Scott-Taggart ST300

 John Scott-Taggart was a radio expert that designed sets for the home constructor. It was said that his designs gave the very best performance for the parts used in them. Certainly he included lots of controls so that peak performance could be achieved by twiddling the various knobs. Later sets were designated ST400, 500, 600 etc.

 I'm not sure at this stage whether the case was bought ready-made, or perhaps as a set of parts or whether it was constructed by the builder of the set, who, if he did design and make the case must have obviously been a dab hand at woodwork.The finish of the plywood surface is utilitarian and he didn't bother to french polish it. The paint finish is now peeling off and the grain of the wood is very pronounced. The radio front panel is made from plywood, rather than ebonite, which may have been going out of fashion when this set was made. The terminal panels which are made from an early form of ebonite and are almost certainly the oldest parts of the set and maybe one of these (the second from the right) dates from WW1.

 There are three valves in this model. On the left a Mullard PM2A B4 triode, above it another B4 triode, a Mullard PM2DX and to the right a Cossor B4-based 215SG tetrode. All have 2 volt filaments and all are marked "BVA". You can maybe also identify the following parts... a Telsen interstage transformer, a couple of HF chokes, the brown dog-bone shape made by Telsen (known as a "Binocular" choke) and the circular black one made by Lewcos, and a couple of fixed condensers, a 1uF which tested as 1.25uF with an ESR of 0.04 ohms which is remarkably good and a brown bakelite Telsen mica condenser whose value is not visible. On the front panel is mounted... A pair of Ormond tuning condensers (one brass and the other aluminium), a JB aerial tuning condenser, a pair of solid dielectric variable condensers.. one 0.0001uF made by Telsen and the other an anonymous 0.00015uF which is foreign made. The tuning coils were made by Colvern.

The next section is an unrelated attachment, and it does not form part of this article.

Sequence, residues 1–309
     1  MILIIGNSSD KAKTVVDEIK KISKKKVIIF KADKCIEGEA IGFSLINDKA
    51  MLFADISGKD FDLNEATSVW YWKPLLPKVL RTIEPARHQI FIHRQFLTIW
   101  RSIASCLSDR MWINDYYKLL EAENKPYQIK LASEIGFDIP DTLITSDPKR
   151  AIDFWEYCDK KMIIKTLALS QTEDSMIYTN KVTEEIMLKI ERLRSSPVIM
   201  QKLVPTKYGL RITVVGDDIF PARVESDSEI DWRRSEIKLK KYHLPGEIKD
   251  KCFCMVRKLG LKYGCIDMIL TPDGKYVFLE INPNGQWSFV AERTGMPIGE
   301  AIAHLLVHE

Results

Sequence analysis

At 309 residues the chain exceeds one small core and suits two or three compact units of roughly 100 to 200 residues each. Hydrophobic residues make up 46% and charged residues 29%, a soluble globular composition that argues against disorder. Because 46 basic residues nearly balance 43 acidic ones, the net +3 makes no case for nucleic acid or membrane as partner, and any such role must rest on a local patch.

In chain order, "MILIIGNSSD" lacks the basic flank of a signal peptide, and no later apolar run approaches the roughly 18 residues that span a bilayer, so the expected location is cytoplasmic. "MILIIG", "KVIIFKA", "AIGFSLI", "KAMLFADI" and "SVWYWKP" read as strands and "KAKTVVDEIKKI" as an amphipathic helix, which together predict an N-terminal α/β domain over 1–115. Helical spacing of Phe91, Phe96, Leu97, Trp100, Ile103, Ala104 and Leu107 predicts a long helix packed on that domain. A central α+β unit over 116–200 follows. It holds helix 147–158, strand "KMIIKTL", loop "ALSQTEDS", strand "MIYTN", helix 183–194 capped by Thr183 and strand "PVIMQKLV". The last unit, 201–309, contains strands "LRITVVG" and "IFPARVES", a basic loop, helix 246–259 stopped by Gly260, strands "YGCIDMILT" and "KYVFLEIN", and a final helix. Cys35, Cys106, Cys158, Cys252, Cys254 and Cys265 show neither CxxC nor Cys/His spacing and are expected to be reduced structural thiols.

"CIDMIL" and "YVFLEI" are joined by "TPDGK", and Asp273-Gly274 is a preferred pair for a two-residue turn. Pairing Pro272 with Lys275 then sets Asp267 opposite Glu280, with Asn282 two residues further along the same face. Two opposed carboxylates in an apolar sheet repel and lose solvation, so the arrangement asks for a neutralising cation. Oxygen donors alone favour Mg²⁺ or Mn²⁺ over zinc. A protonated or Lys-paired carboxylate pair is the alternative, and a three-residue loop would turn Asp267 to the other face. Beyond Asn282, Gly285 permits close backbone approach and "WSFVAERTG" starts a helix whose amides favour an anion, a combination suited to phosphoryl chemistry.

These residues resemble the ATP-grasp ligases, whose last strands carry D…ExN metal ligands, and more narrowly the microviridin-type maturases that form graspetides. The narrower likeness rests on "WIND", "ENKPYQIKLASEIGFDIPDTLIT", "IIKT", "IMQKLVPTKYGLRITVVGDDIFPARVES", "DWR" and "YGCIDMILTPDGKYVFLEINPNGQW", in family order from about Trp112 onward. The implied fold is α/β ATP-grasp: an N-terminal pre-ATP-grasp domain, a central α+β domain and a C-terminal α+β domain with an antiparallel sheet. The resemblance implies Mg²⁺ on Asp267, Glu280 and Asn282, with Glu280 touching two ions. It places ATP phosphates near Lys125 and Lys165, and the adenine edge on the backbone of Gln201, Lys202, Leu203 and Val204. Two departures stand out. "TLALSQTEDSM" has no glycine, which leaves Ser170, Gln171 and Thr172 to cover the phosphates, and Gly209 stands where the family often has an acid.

The grid-bias battery was usually clamped onto the baseboard and is now missing, together with its leads. The front end of the set below uses a screen grid valve and, to help with stability, a copper sheet has been tacked onto the plywood baseboard. The vertical panel is steel rather than brass so is now going rather rusty.

 The back end of the set has an RF stage with reaction so that with its pair of RF stages, the user would have to keep the pair of tuning condensers in track. The coils used are commercial types so would have been reasonably well matched, resulting in the dial readings being about the same for any given station. Two sets of coil windings are provided, giving reception on medium and long waves. With all these types of sets, usually constructed between about 1928 and 1932, a record needed to be kept showing dial settings for ones favourite stations.

 This example of the ST300 includes an integral loudspeaker (incidentally the designation "ST300" is said to relate to the number of valves.. times 100 of course!) Many people stretched their funds to the utmost to buy the basic kit and made do with their crystal-set headphones. The constructor of this one clearly planned his to include an early moving coil permanent magnet loudspeaker. Once I'd cleaned the label I could see it read Celestion Model 9 PPM.


 Not many resistors....two are shown below. Different voltages, rather than being defined by resistors as would be the case nowadays, are provided by the HT battery which would usually supply two or three voltages for the valves.
 A rather odd condenser, being from 1946 and thus implying the old receiver was working maybe even in the 1950s or later. Alas the newer electrolytic marked 2uF 275 vw measued only 1uF with an ESR of greater than 20 ohms which makes it pretty poor.

 Summarising my findings; this set should be easily restorable because it's complete and shows signs of being rejuvenated either in the late 1940s or 1950s. Below is a rather glowing advertisement from 1931 for the RF valve used in the ST300.


 I found this Practical Wireless article on making a Scott Taggart ST300 which I've scanned and reproduced here..

click the picture of the radio to see it

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